Ellen Kelly’s main claim to fame is her relationship to Australia’s most well-known “Bushranger”. It would have been understandable if her biography had been overshadowed by the presence of her son Ned, but that isn’t the case. The familiar story of Ned’s criminal exploits leading up to the deadly Glenrowan seige, are dealt with very briefly.
Ellen was serving a three year sentence in Melbourne Gaol at the time of Ned’s crimes, with a conviction related to the (alleged) attempted murder of a policeman who had visted her home and paid inappropriate and unwelcome attention to her young daughter Kate. She seemed to know very little of Ned’s situation until he was captured and also imprisoned in Melbourne Gaol.
While Ned’s doomed conflict with the law doesn’t take centre stage, the social and legal conditions that influenced his path are portrayed very clearly. Perhaps by sidelining Ned, and taking the focus away from whether he was a hero or a villain, Allen shows how others (including the rest of the Kelly family) were affected by those conditions. Others who suffered out of the public eye without returning harm for harm, violence for violence.
Over the last week I’ve been able to transfer three books from my “Reading Now” list to this year’s list of books read.
Rock Bottom (Inspired by God), by Michael Teter is only a short book, but it took me a long time to get through it. I read about half of it some time ago but didn’t get back to read the rest for several weeks. The book is a testimony of how Teter’s life was dramatically changed by an encounter with God while serving a prison sentence. It comes across as an honest and heartfelt, no-frills story that would have benefitted from some basic editing for spelling and grammar. The technical shortcomings in the writing made the book more difficult for me to get through, but maybe its lack of literary polish added to the authenticity of the book .
Now I can Dance is Tina Arena’s autobiography. Starting her career as a child star on the once popular Australian variety show Young Talent Time, Tina Arena has been one of Australia’s most successful singers, both at “home” and also overseas. Until very recently I gave no attention at all to Arena’s music, but for some reason that changed a couple of months ago.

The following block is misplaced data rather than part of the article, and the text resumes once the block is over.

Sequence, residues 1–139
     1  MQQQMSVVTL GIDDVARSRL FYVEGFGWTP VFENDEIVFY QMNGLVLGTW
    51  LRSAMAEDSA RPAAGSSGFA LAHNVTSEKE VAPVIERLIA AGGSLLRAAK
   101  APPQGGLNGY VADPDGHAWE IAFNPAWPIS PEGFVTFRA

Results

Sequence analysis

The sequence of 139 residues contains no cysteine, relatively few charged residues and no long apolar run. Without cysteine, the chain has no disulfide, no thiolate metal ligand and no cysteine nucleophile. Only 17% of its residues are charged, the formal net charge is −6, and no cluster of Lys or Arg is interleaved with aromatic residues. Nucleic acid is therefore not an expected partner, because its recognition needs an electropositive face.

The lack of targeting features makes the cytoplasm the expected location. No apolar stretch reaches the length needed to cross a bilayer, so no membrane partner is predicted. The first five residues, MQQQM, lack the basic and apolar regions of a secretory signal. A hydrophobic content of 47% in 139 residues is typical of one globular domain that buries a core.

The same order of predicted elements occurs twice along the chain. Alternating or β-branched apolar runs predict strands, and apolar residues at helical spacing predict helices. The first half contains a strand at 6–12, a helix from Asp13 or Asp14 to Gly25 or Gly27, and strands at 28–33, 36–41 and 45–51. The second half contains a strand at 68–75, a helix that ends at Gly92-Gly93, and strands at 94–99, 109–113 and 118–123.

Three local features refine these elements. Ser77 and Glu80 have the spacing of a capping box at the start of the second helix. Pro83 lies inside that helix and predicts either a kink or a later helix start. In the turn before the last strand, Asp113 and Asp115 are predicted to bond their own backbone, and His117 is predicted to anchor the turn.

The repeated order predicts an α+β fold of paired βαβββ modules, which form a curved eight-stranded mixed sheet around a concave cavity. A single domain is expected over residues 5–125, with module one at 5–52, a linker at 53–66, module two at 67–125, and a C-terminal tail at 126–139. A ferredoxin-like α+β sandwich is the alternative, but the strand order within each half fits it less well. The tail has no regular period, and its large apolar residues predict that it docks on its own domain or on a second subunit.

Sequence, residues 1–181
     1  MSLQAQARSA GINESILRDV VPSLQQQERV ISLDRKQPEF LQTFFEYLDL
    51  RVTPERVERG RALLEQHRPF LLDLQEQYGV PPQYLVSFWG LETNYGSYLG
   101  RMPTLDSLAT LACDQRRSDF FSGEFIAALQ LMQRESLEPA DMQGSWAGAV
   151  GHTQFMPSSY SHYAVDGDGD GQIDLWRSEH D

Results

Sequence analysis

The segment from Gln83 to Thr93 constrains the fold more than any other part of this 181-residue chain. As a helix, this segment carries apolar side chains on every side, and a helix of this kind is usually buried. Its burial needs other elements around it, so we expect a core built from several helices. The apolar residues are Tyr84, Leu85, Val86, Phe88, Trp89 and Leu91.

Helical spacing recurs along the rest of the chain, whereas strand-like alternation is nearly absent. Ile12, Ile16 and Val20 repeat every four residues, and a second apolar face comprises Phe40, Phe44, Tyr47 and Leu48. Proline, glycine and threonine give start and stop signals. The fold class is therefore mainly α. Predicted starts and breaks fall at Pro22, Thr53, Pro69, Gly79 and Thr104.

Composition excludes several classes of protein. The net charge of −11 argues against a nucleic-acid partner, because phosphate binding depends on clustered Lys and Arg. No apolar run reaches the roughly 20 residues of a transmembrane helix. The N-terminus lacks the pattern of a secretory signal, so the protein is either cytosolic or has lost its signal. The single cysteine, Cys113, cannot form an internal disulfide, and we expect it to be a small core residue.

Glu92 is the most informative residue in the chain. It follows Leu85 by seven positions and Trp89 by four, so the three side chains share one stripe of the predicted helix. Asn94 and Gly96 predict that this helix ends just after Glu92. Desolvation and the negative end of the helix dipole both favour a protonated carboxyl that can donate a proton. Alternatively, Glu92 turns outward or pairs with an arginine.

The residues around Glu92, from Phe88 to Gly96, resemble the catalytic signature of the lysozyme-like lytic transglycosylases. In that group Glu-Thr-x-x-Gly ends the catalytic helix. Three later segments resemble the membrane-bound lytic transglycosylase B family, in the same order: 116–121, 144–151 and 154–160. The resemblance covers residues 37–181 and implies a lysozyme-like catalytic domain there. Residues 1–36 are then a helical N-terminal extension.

She’s an artist I’ve admired in the past after hearing her sing live at two separate record store promotions. I’d never before witnessed a singer putting so much emotion and power into a performance of a song. But she didn’t sing the kind of songs I liked at the time. Now it seems my musical tastes have broadened.
While she is 10 years younger than myself, the fact that her singing career started at such a young age, a lot of the book covers times that are familiar to me, from the 1970s through to the present day and I found a lot of personal memories being stirred as well as learning something about the background of Arena’s life and music.
The last of the three was Electric Eden by Rob Young. I bought this book because it seemed to be about a history of British folk music, starting in the late 19th- early 20th centuries when a systematic collecting of folk music and songs began, through to the beginning of the 21st century. While there was a continuing thread of that historical journey, Young was more interested in the reflection of the “spiritual psyche” of the British, as portrayed through the music and perceived by the author who seemed to lean favourably to a new age/pagan/ Gnosticism.